Saturday 23 March 2019

The road to Tralee

Getting to the Rose of Tralee final isn't exactly, er, a bed of roses. It takes tenacity and talent more than looks to bag a coveted place in the Dome, as Roscommon Rose Deirdre Cribbin tells our reporter

Roscommon Rose Deirdre Cribbin pictured in the Abbey Hotel, Roscommon. Photo Brian Farrell
Roscommon Rose Deirdre Cribbin pictured in the Abbey Hotel, Roscommon. Photo Brian Farrell
This year's Rose of Tralee hopefuls at Ladies day in Galway. Photo: Tony Gavin

Deirdre Reynolds

There's just one more day until 'Rose of Tralee' invariably trends on Twitter. Marking the official end of the Irish summer, the live spectacular taking place on RTÉ One at 8pm this Monday and Tuesday night has become as immutable a fixture in the national television calendar as The Late Late Toy Show. For Roscommon Rose Deirdre Cribbin, however, the journey to the Dome began more than two decades ago, when she first sat glued to the TV event as a child.

"It's such a part of growing up in Ireland," Deirdre says. "There was no question about it - we just watched it. I've always wanted to do it. I was actually going to apply last year, but the time just wasn't right for me. I was finishing college at the time and I had plans to go travelling."

But later in the year, when she was curled up on the couch watching the 2016 competition with boyfriend, Evan, Deirdre realised it was now or never. "I'm 27 so it's my last chance," she says, referring to the fact that the rules of the competition stipulate that Roses must be under 28. "So, I contacted the chairperson of the Roscommon Rose Committee and I filled out an application. There was a whole interview process, then there was the selection night itself in the Abbey Hotel. I really don't know what made them pick me - all of the other girls were fantastic - but I'm glad they did anyway!"

Of course, it's not hard to see why the committee did choose the Castleplunkett woman to attempt to bring the crown to Roscommon for the first time since the festival began in 1959. A primary school teacher - she did her BA in Irish, geography and children's studies at NUI Galway before studying primary education at Hibernia College - she has volunteered in a South African township and worked with Childline. Now, as well as running a weekly Irish club for children, she is a member of the Civil Defence. In short, she's a perfect applicant for what even those who dislike the competition can't deny is one of the most high-profile jobs in the country.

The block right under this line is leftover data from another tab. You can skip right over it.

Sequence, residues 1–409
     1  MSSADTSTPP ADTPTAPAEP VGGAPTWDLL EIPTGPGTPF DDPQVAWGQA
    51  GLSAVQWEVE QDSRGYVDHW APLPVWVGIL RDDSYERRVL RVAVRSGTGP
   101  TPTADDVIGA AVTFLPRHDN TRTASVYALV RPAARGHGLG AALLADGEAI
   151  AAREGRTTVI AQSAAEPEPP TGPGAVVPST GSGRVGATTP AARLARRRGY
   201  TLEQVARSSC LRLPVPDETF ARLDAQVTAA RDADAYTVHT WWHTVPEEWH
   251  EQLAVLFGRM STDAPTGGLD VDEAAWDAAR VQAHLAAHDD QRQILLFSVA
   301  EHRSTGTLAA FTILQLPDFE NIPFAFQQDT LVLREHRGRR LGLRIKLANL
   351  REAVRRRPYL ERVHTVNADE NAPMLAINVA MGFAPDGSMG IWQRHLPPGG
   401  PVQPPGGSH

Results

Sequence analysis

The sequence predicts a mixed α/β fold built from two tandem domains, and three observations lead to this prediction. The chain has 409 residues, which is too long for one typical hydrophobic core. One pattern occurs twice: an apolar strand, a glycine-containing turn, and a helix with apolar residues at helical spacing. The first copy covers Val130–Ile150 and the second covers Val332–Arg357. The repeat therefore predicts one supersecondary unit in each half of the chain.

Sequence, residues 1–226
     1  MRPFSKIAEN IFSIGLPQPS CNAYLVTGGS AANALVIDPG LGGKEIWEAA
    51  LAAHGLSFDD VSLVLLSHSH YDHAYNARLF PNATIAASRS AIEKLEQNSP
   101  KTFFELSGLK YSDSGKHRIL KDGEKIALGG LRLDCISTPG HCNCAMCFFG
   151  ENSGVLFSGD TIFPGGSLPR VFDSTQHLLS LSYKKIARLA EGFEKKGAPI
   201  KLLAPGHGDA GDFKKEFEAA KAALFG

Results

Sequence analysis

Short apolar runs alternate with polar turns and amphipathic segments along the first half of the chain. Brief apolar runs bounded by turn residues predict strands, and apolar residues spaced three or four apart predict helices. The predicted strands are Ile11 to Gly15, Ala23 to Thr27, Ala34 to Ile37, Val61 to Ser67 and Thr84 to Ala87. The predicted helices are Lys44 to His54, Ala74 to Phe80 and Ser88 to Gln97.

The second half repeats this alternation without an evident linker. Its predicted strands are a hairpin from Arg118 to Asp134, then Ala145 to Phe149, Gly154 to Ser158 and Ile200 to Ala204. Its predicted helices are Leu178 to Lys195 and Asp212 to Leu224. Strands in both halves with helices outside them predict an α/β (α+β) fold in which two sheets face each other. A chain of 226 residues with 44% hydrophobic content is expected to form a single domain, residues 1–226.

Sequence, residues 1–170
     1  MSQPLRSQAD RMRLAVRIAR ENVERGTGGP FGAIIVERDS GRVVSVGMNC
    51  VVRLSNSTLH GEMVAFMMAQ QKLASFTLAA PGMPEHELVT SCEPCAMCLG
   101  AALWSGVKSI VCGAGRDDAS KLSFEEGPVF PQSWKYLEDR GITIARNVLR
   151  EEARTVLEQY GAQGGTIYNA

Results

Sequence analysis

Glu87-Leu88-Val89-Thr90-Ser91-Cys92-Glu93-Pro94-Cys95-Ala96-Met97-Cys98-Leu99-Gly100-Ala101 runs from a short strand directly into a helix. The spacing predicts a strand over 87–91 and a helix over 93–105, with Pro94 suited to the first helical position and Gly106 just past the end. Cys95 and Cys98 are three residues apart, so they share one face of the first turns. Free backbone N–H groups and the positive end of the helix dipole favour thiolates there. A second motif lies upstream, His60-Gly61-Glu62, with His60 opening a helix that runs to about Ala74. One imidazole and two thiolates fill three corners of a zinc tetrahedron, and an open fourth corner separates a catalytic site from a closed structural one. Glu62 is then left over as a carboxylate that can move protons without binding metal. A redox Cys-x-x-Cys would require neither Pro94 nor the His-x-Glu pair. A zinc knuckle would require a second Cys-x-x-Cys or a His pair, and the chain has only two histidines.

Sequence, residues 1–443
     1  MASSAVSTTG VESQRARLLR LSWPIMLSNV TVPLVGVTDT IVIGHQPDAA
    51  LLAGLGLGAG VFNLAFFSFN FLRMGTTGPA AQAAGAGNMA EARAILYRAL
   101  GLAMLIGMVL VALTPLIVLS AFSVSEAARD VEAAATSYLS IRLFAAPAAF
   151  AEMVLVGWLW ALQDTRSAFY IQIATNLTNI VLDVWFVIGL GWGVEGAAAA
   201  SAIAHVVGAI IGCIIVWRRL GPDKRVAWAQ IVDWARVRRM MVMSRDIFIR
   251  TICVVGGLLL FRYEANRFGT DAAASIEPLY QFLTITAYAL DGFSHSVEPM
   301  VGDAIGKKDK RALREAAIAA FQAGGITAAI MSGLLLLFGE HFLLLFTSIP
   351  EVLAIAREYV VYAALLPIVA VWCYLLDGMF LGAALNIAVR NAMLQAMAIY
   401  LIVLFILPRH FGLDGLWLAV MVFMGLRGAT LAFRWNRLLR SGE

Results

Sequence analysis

A few days after she was selected as Roscommon Rose, the Festival Committee got in touch to send the schedule and what she'd need for Tralee. "They've been in contact with us a lot and they've been a great support," Deirdre says, adding that the WhatsApp group the 64 Roses share is another great resource. "It's busy, so I'm very lucky that I've been off for the summer. I don't know how some of the other girls are doing it, who are working Monday to Friday, 9am-5pm. It's full-time, but at the same time, I only have it for the year, so I am making an effort to go to as many things and to wear the sash as much as I can - I won't get this chance again."

Up to three-quarters-of-a-million viewers are expected to tune in this Tuesday to find out who will follow in the footsteps of Chicago Rose Maggie McEldowney. For the 64 women from around the world vying for the title, however, representing their region is an honour that started months ago, and goes on long after the Garda Band has packed up and gone home.

Since being crowned at the Roscommon Rose Ball in April, Deirdre jokes that she's already had a taste of the kind of celebrity that lifting the Tipperary Crystal tiara would bring - and she's loving every minute of it. "The day after I was selected, I was in the Easter Parade in Roscommon town," she recalls. "I've been in the local newspapers nearly every week since. There's signs gone up all around my village saying 'Best of Luck to Deirdre, our Rossie Rose' with my photo on them. I'm driving past and there I am on the side of the road!

"I've people coming up to me on the street and wishing me luck, and that's lovely. It's strange for me to be recognised by people that don't know me, but I could get used to it! I think because the Rose of Tralee is an international festival, and it's such a huge part of Irish culture and history: for people to have someone local in it really is a big deal. Everyone is just so proud."

Like all of the other hopefuls, Deirdre had to secure an entry fee of €250, which was covered by her sponsor, The Lilac Rooms at Rosmed Pharmacy. "I've been very lucky: local businesses have sponsored me. I'm a customer, so I approached The Lilac Rooms and they were quite happy. They looked after me for treatments leading up the festival, too."

Although everything from accommodation to food is looked after by the festival once the Roses get to Tralee - as well as hair and make-up for the Rose Ball and televised interviews - in the months leading up to it, some secure individual sponsors for hair, make-up, clothes and shoes for their regional events.